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APPETITE FOR DISCUSSION
Welcome to Appetite for Discussion -- a Guns N' Roses fan forum!

Please feel free to look around the forum as a guest, I hope you will find something of interest. If you want to join the discussions or contribute in other ways then you need to become a member. We especially welcome anyone who wants to share documents for our archive or would be interested in translating or transcribing articles and interviews.

Registering is free and easy.

Cheers!
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2018.06.03 - Comebackstage/Blabbermouth - Interview with Dizzy

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2018.06.03 - Comebackstage/Blabbermouth - Interview with Dizzy Empty 2018.06.03 - Comebackstage/Blabbermouth - Interview with Dizzy

Post by Blackstar Sun Jan 07, 2024 5:29 am

Guns N' Roses keyboardist Dizzy Reed was recently interviewed by Ornella Carlone of Comebackstage. The full conversation can be streamed below. A few excerpts follow (as transcribed by Blabbermouth.net).

On his decision to sing on his new solo album, "Rock 'N Roll Ain't Easy":

Dizzy: "It seemed like a good idea at the time, like many ideas. It was hell. I started my first band when I was 12 years old, and I was always the singer in that band, for, like, eight years. I just kind of got tired of it. It's always something that I knew that I could do — not necessarily that I wanted to do, but it's always kind of been there."

On the album's origins:

Dizzy: "I had some ideas kicking around in my head, and I decided to go ahead and record them by myself — just demo stuff. One of my favorite activities is to get drunk and play demo tapes for friends. A lot of people liked it, and they sort of convinced me that I should go and record that stuff for real. We just kind of worked it out in the studio with whoever was playing. We didn't go play it in clubs or anything; we just went in and recorded it."

On the album's title:

Dizzy: "We got it from the song, the title track. We figured that was the right name for the record, because it's not easy. It seems like it's a lot of fun, and it is, and it can be — and thank god I'm not working in a coal mine, and I appreciate all the hard work that people do everywhere around the world every day. I had a job like that at one point in time in my life, and it's hard. But I got into music because I didn't want to have a nine-to-five job, really. I just wanted to have fun and play music. I realized pretty early on that if you want to do this for a living, you have to stay on top of it. Basically, I'm working more than I ever would have if I'd done something else. It's always work. We are constantly, constantly working. It never stops. There's no end — there's no breaks, really. But there's also another aspect to it, and that is what it was like on the way there, building up, trying to get to where you're going in this business, trying to live out the dream. Looking back at what it was like in the '80s when I was an aspiring young musician, you had to go 'all-in' back then. There was a lot of nights where there was no place to sleep, looking for someone's couch to sleep on and things like that. It was tough, and I I think I'd found I'd gone full circle when I wrote that song. I was sort of back [living] out of my truck and squatting in a place. It was raining outside and I had my acoustic guitar, and we knew that we needed a song like that for the record, and that's what I came up with."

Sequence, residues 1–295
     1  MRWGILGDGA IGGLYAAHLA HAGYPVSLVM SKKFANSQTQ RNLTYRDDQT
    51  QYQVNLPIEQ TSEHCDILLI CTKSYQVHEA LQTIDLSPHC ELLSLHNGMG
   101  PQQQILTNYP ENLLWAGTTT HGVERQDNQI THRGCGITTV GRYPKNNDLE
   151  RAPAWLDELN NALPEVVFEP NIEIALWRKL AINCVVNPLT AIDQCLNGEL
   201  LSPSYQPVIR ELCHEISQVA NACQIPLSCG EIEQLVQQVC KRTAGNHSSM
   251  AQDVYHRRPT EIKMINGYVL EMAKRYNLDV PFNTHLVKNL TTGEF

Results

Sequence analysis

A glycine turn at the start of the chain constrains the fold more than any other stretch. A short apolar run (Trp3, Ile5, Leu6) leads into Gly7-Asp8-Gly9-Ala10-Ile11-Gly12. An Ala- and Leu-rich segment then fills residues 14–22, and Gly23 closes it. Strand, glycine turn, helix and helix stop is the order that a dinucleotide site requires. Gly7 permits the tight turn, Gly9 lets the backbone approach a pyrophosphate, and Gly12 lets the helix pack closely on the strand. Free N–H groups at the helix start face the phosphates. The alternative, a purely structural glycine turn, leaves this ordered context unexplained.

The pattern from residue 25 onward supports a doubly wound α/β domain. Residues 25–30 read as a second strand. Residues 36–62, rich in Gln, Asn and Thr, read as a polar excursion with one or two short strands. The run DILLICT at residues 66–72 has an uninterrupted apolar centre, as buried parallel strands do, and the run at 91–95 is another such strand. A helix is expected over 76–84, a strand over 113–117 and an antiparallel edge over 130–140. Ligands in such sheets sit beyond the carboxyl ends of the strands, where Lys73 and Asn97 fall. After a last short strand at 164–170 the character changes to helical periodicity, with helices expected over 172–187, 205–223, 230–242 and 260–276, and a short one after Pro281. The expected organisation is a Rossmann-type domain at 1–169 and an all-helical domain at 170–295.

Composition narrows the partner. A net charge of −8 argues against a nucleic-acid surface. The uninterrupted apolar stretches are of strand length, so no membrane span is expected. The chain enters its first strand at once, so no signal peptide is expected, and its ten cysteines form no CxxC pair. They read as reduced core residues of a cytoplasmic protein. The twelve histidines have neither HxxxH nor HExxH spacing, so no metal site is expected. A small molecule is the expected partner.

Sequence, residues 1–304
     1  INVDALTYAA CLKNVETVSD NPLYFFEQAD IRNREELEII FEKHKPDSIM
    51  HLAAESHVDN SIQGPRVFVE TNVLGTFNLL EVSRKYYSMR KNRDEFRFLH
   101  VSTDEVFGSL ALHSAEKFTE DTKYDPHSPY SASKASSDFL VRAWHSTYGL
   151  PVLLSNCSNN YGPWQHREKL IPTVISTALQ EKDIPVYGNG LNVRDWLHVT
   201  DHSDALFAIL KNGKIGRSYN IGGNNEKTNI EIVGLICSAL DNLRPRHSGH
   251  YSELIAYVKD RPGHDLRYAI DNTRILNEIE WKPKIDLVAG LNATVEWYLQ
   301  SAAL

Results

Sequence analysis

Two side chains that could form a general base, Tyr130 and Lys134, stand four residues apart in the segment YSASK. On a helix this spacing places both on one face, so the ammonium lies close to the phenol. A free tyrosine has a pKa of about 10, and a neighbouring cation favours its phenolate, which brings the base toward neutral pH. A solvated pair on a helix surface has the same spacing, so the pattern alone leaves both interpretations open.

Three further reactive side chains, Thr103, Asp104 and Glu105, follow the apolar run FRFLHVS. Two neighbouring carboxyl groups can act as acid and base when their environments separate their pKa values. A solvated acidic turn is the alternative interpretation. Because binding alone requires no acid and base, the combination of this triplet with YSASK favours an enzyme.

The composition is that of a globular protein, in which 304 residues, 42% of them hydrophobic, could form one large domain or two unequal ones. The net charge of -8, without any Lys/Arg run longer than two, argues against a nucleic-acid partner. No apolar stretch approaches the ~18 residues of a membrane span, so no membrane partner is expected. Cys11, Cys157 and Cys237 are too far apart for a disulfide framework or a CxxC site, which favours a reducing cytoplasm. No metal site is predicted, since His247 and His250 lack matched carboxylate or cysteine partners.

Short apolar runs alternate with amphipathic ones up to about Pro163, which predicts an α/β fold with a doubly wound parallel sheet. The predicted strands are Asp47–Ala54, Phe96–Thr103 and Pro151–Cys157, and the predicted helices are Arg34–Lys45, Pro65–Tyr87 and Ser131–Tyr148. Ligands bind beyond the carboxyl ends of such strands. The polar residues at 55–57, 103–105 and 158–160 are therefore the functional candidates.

On going from playing arenas with Guns N' Roses to touring clubs with his side band, Hookers & Blow:

Dizzy: "I don't mind it, actually. I think it's kind of cool to get back into clubs once in a while and play — to have that audience reaction right there, and to be able to talk to people and hear what they have to say. Sometimes it's not good; sometimes it's cool. But I've been doing that most of my life, playing bars and stuff. It's also pretty cool to play big arenas and stadiums. I'd probably take that over the clubs, but you do what you have to do."

On the advice he'd give up-and-coming musicians:

Dizzy: "It's very easy to get sucked into what we have in the realm of our home studio and our computer and just making music that way. You have to get in front of people and play. You have to take that rejection; you have to take the good with the bad. That's how you get better; that's how you grow as a musician and as a performer. My advice would be to get out there and play – take it out of your bedroom, take it out of your garage, go out and play in front of people. If you have a bad show, that's what you learn from. You correct your mistakes and you get better."

Reed's debut solo album, "Rock 'N Roll Ain't Easy", was released February 16 by Golden Robot Records.

https://blabbermouth.net/news/dizzy-reed-says-solo-album-title-sums-up-being-a-professional-musician-its-always-work
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